ZIMBABWE’s visually-impaired cricket commentator Dean du Plessis has decided to quit his job, citing frustration due to lack of opportunities for disabled people.BY HENRY MHARA
Du Plessis, who describes himself as the world’s first blind cricket commentator, announced his decision at a function held at the Sports and Recreation Commission (SRC) to publicise the fundraising committee set up to mobilise funds for the 10th national Paralympic Games to be held in Bindura next month.
He is part of a 15-member committee led by Judith Kamba, tasked with raising part of the over $400 000 needed for the successful hosting of the Games.
Giving his presentation at the function, Du Plessis said he had decided to walk away from cricket and sport in general due to lack of appreciation despite the unique talent he possesses.
“I would like to say that as a person who has lived with disability since the day I was born, I still find it very hard to make my presence known and for people to understand that I’m just a normal human being,” he said. “A lot of people like to hear my story on how I commentate cricket, but that is far as it goes. Nobody has actually approached me to employ me as a full-time cricket journalist, which is why after this conclusion, I will no longer be part of any sport or cricket pretty much ever again. Because after 15-and-half-years, I have come to realise that (getting formally employed) is not going to happen.”
Du Plessis manages to commentate cricket by hearing the power and direction of the hit. He listens to the speed and spin of the ball, along with the players’ exertions and their cries of elation or frustration. He senses the excitement – or otherwise – of the play on the cricket field and collates the scores with a computer-like memory.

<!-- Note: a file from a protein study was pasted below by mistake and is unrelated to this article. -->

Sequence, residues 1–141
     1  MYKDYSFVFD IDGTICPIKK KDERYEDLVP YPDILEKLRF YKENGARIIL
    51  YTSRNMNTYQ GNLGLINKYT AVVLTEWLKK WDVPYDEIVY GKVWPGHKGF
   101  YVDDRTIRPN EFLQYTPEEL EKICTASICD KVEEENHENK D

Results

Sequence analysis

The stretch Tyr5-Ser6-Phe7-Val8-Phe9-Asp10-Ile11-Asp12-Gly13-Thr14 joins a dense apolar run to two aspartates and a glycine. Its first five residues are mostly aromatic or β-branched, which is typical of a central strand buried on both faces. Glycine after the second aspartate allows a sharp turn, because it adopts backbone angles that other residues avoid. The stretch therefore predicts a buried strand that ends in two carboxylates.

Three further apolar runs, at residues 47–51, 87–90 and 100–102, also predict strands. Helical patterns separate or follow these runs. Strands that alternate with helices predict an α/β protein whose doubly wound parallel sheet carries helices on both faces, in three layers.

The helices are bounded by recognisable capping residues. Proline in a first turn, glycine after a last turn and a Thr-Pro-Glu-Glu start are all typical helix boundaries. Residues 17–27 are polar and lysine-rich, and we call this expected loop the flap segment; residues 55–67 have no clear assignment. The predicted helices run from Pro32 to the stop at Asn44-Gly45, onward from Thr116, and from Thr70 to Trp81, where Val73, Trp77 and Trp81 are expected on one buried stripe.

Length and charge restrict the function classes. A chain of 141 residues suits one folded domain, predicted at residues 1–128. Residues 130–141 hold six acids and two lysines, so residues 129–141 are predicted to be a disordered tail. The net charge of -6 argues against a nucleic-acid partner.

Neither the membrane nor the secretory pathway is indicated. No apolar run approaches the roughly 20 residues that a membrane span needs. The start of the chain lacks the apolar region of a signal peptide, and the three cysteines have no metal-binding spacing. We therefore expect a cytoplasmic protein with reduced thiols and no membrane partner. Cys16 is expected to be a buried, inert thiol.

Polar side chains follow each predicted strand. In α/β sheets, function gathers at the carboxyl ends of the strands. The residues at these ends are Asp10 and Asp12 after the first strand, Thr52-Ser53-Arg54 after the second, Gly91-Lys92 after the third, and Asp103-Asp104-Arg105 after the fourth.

His acute sense of hearing and his eavesdropping on other commentators helps him overcome the fact that he is blind, producing a delivery so polished that most listeners are unaware that he can’t see. He said disabled athletes should be given equal treatment with their able-bodied counterparts.
“People please understand these Paralympians do phenomenal stuff and deserve to be treated as equal athletes. It’s very sad to see, for example, a million dollars given to a soccer team which goes to a tournament and they bring back no medal. We see our Paralympians putting everything they have on the line, with all the problems they have to live with, bringing home medals. But the athletes and their medals are pretty much swept under the carpet. It doesn’t mean because you are disabled, you have an inability. I was born with two tumours behind both my rectus. I was given three to five months to live, but I have just celebrated my 40th birthday.”